Ven. Sariputta saw it & comforted her. Then she showed the letter to the venerable & said that even she had been overcome sorrow & grief on the death of the family members. The reason for her sorrowless was coming from her practice. She was already a stream-winner (sotāpanna).

Here to include two stories of the Buddha’s two female greate disciples. They were Theri Patācāra & Theri Kisā Gotami. Both of them were suffered from deep sorrow when their beloved ones died. After meeting with the Buddha overcame their sorrow with Dhamma & practice. And then both became unshaken & sorrowless. Patācārā:

She had lost her husband & her two sons, as well as her parents & 3 brothers. So she was driven to near insanity. When she met the Buddha, he comforted her with Dhamma. She should not has fear because he could protect & guide her. Throughout saṁsāra (the round of existence), the number of tears she had shed on account of the deaths of the family members was voluminous.

Even it was more than the water of the four great oceans. The Buddha taught her you should not think too much about those who were already gone. Then the Buddha spoke the two following verses.

Verse 288: “Not sons, nor parents & close relatives can protect one assailed by death; indeed, nobody can give protection.”

Verse 289: “Knowing this, the wise restrained by morality should quickly clear the hindrances to the path leading to Nibbāna.”

After the discourse, Patācārā attained the Path & Fruit as a stream winner. Later she becomes a bhukkauni. One day she was cleaning her feet with water. As she poured the water for the first time, it flowed only a short distance & disappeared. And then she poured for the 2nd & third time successively & it had the same nature. She came to perceive the three stages in the life of beings.

The Buddha knew these all. So using his supernormal power from the Jetavana monastery sent forth his radiance & appeared to her. And then said the following verse.

Verse 113: “Better than living a hundred years without seeing the arising & passing away of the five khandhas is the one who lives a day & discerning of it.”

At the end of the discourse, Theri Patācārā attained arahantship.

Kisā Gotami:
She was from Sāvatthi & a rich man daughter. After she was married & a son was born to her. Unfortunately, her son died just like a toddler. She was stricken with sorrow & grief. She carried her dead son’s body & went about asking for medicine to restore her son’s life.

At last she met with the Buddha for help. He asked her to get some mustard seeds from houses where there had been no death. She could not find a single house where death had not occurred. As soon as she realized this point, her attachment towards her dead son had changed. She discarded the dead body & went back to see the Buddha.

The Buddha said to her; “Gotami, you thought that you were the only one who lost the son. Death comes to all beings. Before their desire is fulfilled, death takes them away.” With this talk, she penetrated the inconstant, suffering & not-self nature of the five khandhas & entered the stream (became a sotāpanna).

Later she became a bhikkhuni. One day as she was lighting the lamps & observing the flames flaring up & dying out. The Buddha, through supernormal power, saw her from the monastery, & sent forth his radiance & appeared to her. And asked her to continue the contemplation on the impermanence nature of phenomena. The Buddha spoke the following verse.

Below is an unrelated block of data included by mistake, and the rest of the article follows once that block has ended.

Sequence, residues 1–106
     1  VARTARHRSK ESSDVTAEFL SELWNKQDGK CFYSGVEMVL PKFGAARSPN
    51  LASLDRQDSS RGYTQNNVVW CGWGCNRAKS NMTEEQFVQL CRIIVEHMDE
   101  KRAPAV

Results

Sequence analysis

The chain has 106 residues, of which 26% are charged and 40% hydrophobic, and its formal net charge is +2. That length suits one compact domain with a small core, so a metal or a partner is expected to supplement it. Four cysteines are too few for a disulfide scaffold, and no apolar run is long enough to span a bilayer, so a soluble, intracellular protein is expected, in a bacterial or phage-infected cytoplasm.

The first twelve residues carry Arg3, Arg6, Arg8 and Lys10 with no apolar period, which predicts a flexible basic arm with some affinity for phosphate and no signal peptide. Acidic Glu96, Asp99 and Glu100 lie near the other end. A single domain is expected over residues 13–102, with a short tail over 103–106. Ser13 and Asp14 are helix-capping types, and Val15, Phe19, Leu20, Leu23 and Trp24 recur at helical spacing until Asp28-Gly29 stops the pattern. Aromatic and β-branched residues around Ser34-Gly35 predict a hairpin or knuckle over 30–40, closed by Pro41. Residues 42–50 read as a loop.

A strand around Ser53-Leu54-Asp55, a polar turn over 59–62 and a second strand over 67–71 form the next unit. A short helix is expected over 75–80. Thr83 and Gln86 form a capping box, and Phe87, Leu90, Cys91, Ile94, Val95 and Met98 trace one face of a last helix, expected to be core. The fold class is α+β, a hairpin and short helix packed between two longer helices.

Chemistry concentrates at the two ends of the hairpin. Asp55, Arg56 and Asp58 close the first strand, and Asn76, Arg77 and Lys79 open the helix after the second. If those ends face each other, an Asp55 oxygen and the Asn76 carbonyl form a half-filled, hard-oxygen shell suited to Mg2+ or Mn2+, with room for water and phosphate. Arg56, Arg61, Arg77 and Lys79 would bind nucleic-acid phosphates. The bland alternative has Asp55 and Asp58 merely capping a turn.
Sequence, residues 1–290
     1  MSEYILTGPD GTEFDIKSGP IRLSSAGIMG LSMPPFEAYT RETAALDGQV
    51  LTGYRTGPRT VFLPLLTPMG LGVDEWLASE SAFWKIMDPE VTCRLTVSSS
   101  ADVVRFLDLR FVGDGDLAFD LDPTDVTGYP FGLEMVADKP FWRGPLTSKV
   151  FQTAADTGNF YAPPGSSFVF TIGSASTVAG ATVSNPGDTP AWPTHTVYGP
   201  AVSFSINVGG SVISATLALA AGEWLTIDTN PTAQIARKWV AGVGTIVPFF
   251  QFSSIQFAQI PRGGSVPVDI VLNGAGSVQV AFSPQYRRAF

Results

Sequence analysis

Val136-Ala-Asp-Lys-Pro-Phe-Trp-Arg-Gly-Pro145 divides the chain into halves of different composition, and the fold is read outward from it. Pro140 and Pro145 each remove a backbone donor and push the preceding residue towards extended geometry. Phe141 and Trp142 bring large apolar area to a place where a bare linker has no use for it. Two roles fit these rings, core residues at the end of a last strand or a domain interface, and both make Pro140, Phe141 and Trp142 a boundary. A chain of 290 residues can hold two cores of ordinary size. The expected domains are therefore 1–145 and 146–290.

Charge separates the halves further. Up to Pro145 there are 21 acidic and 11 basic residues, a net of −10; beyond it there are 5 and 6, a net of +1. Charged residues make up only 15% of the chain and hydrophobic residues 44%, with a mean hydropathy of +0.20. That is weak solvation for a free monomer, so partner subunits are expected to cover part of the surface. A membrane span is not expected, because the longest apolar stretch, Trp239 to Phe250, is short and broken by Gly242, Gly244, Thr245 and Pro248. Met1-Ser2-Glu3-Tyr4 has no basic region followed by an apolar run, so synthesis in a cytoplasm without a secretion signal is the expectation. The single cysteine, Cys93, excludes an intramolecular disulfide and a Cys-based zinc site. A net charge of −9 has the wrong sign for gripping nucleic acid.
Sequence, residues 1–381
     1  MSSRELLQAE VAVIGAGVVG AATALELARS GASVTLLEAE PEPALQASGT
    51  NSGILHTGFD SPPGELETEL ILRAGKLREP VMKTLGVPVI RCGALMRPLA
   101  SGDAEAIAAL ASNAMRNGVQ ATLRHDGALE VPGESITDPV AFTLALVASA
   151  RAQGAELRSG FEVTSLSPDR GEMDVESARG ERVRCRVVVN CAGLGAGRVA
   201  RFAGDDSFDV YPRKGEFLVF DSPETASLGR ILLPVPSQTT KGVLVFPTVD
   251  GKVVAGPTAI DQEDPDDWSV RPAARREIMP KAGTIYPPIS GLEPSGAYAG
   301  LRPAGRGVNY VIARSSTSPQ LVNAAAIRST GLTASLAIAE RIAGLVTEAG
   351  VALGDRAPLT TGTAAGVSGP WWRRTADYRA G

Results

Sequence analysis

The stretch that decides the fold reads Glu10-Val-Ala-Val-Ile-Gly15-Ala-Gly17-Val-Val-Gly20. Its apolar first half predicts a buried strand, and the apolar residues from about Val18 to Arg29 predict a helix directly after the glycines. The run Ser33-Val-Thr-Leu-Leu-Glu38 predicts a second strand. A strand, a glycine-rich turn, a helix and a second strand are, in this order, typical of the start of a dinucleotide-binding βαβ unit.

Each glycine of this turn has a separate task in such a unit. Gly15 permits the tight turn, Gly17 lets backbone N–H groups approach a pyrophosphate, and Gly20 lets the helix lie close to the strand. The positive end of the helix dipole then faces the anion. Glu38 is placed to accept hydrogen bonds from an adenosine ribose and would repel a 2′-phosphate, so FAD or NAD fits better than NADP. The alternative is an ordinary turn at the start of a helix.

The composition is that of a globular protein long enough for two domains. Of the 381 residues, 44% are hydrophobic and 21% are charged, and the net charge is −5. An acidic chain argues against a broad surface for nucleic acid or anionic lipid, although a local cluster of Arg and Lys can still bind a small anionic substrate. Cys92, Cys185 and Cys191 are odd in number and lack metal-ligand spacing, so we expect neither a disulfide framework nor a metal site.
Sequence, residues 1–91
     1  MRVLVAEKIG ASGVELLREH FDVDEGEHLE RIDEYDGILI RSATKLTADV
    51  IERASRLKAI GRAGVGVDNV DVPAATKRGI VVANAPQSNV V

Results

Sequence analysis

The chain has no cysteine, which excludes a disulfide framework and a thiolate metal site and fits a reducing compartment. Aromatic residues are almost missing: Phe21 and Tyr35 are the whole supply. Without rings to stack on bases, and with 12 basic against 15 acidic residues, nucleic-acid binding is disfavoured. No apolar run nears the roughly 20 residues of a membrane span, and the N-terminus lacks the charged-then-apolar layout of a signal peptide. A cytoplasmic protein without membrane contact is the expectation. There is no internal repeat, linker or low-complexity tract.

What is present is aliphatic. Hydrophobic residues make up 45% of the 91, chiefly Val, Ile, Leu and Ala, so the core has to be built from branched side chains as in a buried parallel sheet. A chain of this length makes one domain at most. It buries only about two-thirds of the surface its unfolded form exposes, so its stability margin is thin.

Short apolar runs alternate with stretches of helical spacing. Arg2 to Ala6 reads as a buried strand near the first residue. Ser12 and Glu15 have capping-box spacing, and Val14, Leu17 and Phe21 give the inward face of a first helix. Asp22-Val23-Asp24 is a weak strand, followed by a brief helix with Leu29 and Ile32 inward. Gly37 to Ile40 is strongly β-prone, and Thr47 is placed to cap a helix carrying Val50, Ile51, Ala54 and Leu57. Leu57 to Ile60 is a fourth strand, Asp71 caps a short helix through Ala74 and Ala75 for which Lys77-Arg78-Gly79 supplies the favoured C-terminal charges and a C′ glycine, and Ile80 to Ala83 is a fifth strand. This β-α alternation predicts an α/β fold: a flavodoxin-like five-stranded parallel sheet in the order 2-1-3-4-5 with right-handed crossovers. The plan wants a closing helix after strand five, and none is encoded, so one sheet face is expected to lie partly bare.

Verse 114: “Better than living a hundred years without seeing the Deathless (i.e., Nibbāna) is the one who lives a day & seeing it.”

At the end of the discourse, Theri Kisā Gotami attained arahantship.

Therefore, contemplation on death is a very important meditation subject for everyone to transcend dukkha. If we talk about it from the suttas & stories, there is a lot to say. The weaver girl became a sotapanna before she died with the accident was the outcome of this practice. Her father out of grief for her death, later ordained & practiced became an arahant.

Ven. Yasa in one of his past lives, he was helping to bury & cremated corpses. Because of the frequent contemplation on death, in his last life easily to give up all his wealth & pleasures by seeing the women as corpses. And then he met the Buddha by listening to his talk and attained arahantship.

Frequent contemplation can lead to love, compassion & concern for others as we share the same nature. And then we shall not waste our precious lives & time for many useless things & matters. Instead, we become heedful & diligent in wholesome dhammas.

The Buddha’s teachings were always based on right views & right thoughts or thinking. Without it, any experience becomes fruitless & even harmful. We can see many doctors & workers are working with corpses. Do deaths & loathsomeness of the body have any effect on them? Mostly not! In the beginning, it might be unpleasant for them dealing with corpses.

In the long run, it becomes a habit & they used to them. People are doing evil things with wrong views & thoughts, even worse. Battles between drug gangs & terrorists, deaths become their pleasures. Media on violence become a pleasure for a lot of people. This is one of the causes of violence in societies (e.g., gun shootings in the US).


cited from https://oba.org.tw/viewtopic.php?f=22&t=4702&p=36999#p36999 (posted on 2019-11-22)


  • Content of "Maṅgala Sutta – Protection with Blessing"

  • Content of Publications of Ven. Uttamo

According to the translator— Ven. Uttamo's words, this is strictly for free distribution only, as a gift of Dhamma—Dhamma Dāna. You may re-format, reprint, translate, and redistribute this work in any medium.